"but ayo, she won like a bajillion grammies and sold a bajillion records! how can you not like this album?!"
ah, the wonders of mob mentality. it is because of them lifeless and mediocre rock bands like The Strokes and The Vines have been thrust [even if just momentarily] upwards in the chain of success, in the same dimension as half-naked Abercrombie teens and reality television. it's also because of them longstanding genres with such variance [like jazz] have now become dissolved to sing-songs and stupidly ephemeral feelings. it's not as though they don't have talent because that isn't my qualm. my qualm is with utterly random way their upsurge towards fame and critical acceptance was never questioned. did people forget about what rock and jazz really were?
and so we have Norah Jones, a young woman who swept the grammies and has sold over 6 million records. it seems to be the record that pacifies all tension between musical gangs as both the tepidly rebellious Avril Lavigne faction enjoys it as much as the constantly lugubrious Staind faction. everyone is enchanted by the ease and simplicity in her voice and the general atmosphere she creates when she sings.
"yeah...but is it steak?"
when people began comparing her to Ella Fitzgerald and Billie Holiday, the hairs on my back became erect with the prospect of a new kid on the block of jazz vocalists and muses. then i heard the album and realized that many people have officially decided that there is no difference in music, just like there is no difference between types of meat. this may seem crude but Ella Fitzgerald and Billie Holiday were like steak, each note was finely prepared and each intonation was heavy enough to ease one's gastronomical rapacity. but Norah Jones is like a fancy burger: sure it's meat, but it's not steak. songs like the title track, the first single 'Don't Know Why,' and 'Cold Cold Heart' are relaxed but they seem so transient and lifeless. the compositions aren't bad but they don't possess any spark of ingenuity. there is no force to her music, just presence.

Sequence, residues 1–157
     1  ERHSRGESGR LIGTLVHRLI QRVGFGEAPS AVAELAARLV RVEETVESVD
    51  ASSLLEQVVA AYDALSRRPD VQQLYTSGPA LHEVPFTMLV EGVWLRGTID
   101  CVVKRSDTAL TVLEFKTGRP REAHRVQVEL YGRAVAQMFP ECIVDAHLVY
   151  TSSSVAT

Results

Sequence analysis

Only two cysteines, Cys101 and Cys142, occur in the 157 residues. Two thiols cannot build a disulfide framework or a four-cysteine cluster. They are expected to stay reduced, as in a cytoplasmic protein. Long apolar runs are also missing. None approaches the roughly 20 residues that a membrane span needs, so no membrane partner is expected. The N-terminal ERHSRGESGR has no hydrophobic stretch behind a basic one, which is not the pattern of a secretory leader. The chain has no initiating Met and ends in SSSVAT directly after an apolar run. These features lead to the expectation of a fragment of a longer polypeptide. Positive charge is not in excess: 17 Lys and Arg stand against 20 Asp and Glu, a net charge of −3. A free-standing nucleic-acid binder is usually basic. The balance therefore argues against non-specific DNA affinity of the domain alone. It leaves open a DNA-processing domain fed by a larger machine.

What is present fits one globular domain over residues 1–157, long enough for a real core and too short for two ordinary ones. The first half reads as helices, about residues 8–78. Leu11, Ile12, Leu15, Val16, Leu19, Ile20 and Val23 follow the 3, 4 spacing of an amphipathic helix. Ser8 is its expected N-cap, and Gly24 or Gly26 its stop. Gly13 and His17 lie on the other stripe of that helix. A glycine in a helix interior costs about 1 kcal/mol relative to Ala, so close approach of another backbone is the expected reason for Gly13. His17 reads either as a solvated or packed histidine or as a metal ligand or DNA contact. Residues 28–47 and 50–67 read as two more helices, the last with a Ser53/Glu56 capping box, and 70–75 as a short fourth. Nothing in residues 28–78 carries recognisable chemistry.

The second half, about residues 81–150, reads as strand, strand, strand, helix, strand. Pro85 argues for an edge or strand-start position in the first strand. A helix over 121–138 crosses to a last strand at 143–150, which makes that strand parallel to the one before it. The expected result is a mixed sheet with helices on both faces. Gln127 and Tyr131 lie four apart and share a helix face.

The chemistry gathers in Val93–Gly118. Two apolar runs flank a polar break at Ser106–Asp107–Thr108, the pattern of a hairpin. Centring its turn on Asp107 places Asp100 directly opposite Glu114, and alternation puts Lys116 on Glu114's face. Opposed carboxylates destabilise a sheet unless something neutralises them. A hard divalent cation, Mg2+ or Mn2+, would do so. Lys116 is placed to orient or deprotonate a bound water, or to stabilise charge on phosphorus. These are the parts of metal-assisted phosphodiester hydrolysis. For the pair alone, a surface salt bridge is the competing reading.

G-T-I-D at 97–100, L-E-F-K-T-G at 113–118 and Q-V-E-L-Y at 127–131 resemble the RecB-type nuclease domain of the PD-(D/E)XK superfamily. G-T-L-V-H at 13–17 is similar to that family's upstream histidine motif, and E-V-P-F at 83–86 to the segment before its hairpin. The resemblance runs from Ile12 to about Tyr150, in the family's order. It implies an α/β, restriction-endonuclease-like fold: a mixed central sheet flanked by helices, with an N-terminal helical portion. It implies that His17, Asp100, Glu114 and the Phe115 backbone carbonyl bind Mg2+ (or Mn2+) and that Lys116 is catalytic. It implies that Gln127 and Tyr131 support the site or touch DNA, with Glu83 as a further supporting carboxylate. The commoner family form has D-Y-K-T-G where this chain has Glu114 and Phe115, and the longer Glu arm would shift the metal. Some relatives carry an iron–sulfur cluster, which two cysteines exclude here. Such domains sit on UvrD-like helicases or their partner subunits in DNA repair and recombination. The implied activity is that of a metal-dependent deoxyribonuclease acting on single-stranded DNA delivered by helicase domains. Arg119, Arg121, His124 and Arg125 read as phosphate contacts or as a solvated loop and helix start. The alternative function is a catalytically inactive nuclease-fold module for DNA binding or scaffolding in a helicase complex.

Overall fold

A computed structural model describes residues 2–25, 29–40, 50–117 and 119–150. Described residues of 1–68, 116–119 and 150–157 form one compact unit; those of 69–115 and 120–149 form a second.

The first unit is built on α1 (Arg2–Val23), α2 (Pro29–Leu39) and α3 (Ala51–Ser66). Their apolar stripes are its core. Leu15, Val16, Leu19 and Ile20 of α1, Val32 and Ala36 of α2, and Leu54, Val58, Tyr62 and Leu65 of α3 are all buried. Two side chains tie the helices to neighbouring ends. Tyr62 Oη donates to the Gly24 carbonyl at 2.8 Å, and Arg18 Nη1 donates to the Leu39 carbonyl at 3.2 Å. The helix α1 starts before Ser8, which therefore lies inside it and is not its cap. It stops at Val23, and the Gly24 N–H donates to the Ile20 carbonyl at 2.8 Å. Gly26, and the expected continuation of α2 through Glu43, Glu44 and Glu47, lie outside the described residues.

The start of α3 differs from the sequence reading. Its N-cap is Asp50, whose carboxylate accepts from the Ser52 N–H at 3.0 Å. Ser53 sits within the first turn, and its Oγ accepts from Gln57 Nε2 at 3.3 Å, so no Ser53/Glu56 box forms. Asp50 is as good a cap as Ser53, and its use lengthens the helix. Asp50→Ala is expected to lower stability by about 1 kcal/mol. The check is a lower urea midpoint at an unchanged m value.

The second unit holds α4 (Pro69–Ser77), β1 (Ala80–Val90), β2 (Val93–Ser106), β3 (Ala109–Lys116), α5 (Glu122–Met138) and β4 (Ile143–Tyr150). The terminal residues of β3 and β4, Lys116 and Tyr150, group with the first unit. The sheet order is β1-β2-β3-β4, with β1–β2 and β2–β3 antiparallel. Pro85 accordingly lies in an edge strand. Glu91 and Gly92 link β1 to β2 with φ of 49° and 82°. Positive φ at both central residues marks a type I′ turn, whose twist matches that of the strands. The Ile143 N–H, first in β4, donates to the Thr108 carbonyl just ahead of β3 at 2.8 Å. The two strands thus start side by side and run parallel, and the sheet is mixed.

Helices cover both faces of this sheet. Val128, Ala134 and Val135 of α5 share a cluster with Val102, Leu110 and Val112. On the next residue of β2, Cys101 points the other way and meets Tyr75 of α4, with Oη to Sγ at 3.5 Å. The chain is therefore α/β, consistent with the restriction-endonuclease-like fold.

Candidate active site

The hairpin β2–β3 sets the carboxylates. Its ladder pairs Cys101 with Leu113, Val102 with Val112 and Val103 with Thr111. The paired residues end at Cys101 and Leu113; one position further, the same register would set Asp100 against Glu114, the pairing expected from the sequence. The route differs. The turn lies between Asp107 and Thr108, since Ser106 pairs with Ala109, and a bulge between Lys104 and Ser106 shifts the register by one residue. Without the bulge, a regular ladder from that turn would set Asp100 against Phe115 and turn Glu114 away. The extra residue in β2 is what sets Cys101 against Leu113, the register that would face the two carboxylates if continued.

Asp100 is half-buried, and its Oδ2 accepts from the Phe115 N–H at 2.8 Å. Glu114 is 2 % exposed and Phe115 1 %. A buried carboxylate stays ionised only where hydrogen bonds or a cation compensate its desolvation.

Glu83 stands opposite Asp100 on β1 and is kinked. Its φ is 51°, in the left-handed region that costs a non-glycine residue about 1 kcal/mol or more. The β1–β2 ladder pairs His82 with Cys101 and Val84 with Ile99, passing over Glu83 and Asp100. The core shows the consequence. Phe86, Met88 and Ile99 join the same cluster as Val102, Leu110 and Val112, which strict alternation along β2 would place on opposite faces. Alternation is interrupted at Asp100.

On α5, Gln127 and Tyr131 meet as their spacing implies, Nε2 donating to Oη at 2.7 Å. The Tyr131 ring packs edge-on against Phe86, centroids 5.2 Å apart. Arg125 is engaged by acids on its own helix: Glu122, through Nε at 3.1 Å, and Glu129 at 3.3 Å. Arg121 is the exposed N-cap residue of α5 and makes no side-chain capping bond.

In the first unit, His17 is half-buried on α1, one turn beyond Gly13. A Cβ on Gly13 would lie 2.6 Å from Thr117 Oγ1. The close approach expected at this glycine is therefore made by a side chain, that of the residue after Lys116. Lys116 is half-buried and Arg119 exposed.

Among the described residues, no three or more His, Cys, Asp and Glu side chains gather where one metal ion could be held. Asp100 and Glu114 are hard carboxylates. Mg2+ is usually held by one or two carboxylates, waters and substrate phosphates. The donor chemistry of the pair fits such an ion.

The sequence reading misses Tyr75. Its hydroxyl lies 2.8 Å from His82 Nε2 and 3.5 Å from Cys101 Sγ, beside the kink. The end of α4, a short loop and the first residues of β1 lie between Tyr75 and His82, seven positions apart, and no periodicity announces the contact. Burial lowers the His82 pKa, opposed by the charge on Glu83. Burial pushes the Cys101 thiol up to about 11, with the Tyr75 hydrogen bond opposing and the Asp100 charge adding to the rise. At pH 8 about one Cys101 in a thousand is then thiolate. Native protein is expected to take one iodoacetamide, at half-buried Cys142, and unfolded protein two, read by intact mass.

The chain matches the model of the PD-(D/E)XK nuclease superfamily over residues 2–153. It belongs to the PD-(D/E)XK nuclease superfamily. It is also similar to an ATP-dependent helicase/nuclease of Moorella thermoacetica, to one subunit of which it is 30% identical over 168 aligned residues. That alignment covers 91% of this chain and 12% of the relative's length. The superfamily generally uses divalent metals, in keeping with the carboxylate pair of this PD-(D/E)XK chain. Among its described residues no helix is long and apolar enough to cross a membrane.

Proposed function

the album's popularity bothers me because it seems as though a whole new generation has forgotten about the old jazz legends, not just the vocalists. saying names like Count Bassie, Charlie Parker, and [gasp] Thelonious Monk will make you into some jazz sage even though these musicians were just some of the popular members of the music. perhaps it's fitting that Come Away With Me has received such rapturous accolade. maybe jazz lovers are just a dying breed.